Best of RAH:
The Szechuan Taxi
by Dave Bealer
This commentary first appeared in the February 1994 issue of Random
Copyright © 1994 Dave Bealer, All Rights Reserved.
People who live in genuine rural areas should probably skip this
article because they won't understand it.
What's that? You don't know what constitutes a "genuine rural area?"
Alright, if you can pick up the telephone and have a pizza delivered
to your home, you do not live in a genuine rural area.
What kind of definition of genuine rural area is that? An accurate one. I
grew up in a genuine rural area in northeastern Pennsylvania. The closest
pizza delivery place would not deliver to our house. They would deliver to
a parking lot a quarter mile away at the bottom of the hill, but they would
not set foot (tire, actually) in our village.
Not that it was a dangerous village. It was just that the parking lot at the
bottom of the hill was the end of their range. The pizza shop was six miles
away from the parking lot, and six and a quarter miles away from our house.
Some marketing major at the pizza shop had decided that it made sense to
extend their delivery range two miles through sparsely populated countryside
to the entrance to our village, but not another quarter mile into our
village. So the 300 people of our village had to cool their heels in an empty
parking lot if they wanted pizza delivered near their homes (the
parking lot belonged to a defunct business and was typically empty because all
300 people in the village rarely chose to order pizza at the same time).
The result of all this was that we always went to pick up the pizza.
We figured that driving six and a quarter miles to pick up the pizza was
less aggravating than sitting around a cold, dark (but safe) parking lot
waiting for a pizza delivery person who was always running late. We knew
for a fact that the person was always late because we occasionally had
pizza delivered while visiting friends who lived within the magic six mile
Now, are we clear on who lives in a genuine rural area? Good. Perhaps
we can get on with the point of this story.
Home food delivery is a matter of extreme importance to people living in
urban and suburban areas. Even realtors have begun to recognize this
phenomenon. Remember how homes have long been listed in the classified
"for sale" ads with notations about the wonderful school district which
serves the area? These days you can find homes expected to attract childless
singles or couples listed with the number and types of home food delivery
establishments that serve the community.
Now that I live in a major urban area, there are literally dozens of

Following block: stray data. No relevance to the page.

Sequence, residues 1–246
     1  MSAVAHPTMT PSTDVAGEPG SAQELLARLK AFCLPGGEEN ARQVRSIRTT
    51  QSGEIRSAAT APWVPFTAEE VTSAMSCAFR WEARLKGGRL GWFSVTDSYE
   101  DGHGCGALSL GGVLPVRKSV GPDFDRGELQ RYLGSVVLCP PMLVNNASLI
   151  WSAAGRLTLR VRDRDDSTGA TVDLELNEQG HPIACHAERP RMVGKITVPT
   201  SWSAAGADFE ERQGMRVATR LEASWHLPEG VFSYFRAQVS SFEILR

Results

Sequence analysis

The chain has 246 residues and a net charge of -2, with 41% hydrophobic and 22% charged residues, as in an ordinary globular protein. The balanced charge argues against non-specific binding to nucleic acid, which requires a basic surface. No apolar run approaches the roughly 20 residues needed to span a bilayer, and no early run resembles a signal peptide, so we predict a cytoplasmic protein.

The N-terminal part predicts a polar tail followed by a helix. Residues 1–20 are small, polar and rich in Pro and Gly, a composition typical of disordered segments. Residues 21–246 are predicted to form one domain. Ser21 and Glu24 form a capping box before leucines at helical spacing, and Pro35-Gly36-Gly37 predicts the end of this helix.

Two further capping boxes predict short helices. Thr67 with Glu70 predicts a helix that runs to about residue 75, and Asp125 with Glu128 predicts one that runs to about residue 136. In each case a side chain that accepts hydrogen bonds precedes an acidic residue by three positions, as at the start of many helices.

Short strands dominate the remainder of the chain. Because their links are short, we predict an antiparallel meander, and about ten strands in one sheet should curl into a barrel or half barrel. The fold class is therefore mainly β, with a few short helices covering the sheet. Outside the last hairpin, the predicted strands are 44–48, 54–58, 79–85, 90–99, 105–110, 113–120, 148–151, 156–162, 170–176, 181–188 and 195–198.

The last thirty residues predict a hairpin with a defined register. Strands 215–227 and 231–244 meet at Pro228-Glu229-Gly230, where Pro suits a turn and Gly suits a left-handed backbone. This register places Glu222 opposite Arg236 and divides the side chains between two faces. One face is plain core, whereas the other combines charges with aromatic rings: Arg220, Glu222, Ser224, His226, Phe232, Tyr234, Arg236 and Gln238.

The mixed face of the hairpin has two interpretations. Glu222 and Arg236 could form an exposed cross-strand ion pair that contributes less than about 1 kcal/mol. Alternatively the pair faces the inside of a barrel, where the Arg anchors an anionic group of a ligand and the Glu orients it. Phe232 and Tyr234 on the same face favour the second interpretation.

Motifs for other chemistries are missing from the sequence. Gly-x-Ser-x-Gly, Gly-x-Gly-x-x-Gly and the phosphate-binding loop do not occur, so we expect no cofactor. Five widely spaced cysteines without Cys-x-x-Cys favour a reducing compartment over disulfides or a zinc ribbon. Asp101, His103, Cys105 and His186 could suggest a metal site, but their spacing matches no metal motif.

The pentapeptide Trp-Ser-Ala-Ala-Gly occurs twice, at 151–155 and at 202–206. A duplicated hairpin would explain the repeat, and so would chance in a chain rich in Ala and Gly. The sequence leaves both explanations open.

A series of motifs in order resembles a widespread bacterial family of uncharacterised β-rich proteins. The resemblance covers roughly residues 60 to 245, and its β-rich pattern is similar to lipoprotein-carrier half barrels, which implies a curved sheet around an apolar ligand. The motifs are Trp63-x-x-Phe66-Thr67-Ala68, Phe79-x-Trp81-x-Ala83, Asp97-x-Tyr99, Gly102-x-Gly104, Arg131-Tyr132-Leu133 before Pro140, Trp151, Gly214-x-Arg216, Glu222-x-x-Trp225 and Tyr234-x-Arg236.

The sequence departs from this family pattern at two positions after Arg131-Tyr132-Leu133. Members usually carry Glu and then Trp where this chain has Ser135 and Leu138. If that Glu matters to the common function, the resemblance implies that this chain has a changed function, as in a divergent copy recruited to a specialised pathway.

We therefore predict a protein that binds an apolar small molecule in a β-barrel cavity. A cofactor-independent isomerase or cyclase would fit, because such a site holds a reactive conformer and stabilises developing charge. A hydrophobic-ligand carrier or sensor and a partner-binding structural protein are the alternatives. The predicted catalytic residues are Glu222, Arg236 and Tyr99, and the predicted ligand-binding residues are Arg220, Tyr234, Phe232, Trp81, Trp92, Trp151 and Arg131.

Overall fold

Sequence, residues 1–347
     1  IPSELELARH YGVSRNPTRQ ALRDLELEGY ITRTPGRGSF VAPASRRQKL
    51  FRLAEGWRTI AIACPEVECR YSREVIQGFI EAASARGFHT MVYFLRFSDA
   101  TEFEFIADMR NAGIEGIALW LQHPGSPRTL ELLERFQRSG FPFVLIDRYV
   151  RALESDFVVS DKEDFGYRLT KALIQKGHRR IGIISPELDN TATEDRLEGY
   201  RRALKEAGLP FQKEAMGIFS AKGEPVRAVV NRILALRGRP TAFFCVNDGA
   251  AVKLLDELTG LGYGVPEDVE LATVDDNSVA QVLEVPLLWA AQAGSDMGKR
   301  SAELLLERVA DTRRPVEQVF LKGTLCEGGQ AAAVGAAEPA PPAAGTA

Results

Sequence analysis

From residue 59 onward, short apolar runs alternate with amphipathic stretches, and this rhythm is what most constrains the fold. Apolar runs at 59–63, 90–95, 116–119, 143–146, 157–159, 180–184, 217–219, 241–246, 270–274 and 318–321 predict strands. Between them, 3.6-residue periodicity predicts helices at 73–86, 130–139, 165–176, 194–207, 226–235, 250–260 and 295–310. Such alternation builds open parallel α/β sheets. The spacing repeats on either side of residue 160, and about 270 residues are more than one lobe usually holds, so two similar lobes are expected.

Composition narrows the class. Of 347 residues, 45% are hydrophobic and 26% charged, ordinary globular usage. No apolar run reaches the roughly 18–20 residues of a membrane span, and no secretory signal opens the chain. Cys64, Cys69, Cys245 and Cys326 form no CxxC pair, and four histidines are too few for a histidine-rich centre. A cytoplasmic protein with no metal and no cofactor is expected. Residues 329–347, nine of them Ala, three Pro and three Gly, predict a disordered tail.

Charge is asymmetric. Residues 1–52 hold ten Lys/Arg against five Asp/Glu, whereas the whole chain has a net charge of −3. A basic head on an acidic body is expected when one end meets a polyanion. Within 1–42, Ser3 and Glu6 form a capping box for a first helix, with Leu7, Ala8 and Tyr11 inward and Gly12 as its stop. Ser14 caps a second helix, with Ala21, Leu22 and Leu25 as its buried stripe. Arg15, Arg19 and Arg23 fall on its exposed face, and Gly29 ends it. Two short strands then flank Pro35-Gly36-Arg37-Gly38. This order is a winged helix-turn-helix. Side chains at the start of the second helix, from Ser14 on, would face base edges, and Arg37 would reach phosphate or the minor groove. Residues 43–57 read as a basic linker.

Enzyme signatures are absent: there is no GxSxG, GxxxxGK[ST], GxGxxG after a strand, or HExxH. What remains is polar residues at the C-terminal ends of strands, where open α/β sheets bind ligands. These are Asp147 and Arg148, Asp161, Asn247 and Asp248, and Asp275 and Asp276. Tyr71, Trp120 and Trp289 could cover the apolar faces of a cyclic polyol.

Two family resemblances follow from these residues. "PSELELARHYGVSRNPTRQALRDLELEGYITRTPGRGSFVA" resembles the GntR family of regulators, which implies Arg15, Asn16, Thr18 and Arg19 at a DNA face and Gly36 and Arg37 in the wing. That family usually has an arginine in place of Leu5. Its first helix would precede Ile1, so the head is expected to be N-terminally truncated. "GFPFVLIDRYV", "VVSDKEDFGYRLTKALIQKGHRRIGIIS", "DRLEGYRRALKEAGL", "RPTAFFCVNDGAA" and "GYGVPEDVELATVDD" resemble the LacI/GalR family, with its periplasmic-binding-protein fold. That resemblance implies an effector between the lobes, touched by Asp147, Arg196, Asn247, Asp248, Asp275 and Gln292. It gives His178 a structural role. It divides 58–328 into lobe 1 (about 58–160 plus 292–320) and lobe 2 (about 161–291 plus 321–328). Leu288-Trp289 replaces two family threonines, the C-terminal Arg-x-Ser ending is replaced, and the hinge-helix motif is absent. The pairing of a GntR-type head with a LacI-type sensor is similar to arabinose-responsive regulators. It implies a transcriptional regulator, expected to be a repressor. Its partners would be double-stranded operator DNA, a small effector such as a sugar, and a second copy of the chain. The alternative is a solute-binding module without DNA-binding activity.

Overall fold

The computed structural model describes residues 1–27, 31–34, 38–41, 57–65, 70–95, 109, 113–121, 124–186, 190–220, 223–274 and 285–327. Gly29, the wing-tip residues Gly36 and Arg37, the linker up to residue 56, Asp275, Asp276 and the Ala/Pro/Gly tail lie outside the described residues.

pizza delivery places competing for my business. The coupons these
outfits pay students to stick on my car windshield and the front door
of my house each year could paper all the walls in my house several
One of the major factors in the decision to purchase my current home
was the Chinese restaurant a mile away that actually delivers.
Imagine that! Not just pizza and subs, but food that actually
contains mono sodium glutamate, delivered to my door!
A couple of years ago I found out exactly how useful this kind of
thing can be. I placed a carry out order with the local Chinese
restaurant, then went to do some shopping. The plan was to pick up
the food on the way home. The trouble started when the car wouldn't.
The car wasn't going anywhere, and it was a cold winter night.
In a rare moment of inspiration, I carried my groceries one block to the
Chinese restaurant, walked in, and changed my carry out order to delivery.
If you think ordering without numbers in a Chinese restaurant is an adventure,
you should have seen this attempted conversation. It's a good thing these
people knew me as a regular customer. Actually, they took it well. They didn't
even call the police. Eventually the game of charades ended when they realized
I didn't have a car. They stuffed me in the aged, rusting econo-box they use
for deliveries. Amazingly enough, the Szechuan Lo Mein, wonton soup, my
groceries and I were delivered in good shape. I tipped the driver unusually
well that night.
Dave Bealer is a fifty-something mainframe systems programmer who
works with CICS, z/OS and all manner of nasty acronyms at one of the
largest heavy metal shops on the East Coast. He shares a waterfront
townhome in Pasadena, MD. with a cat who annoys him endlessly as he
assiduously avoids writing for and publishing Random Access Humor.
Dave can be reached via e-mail at:
Constant change is here to stay.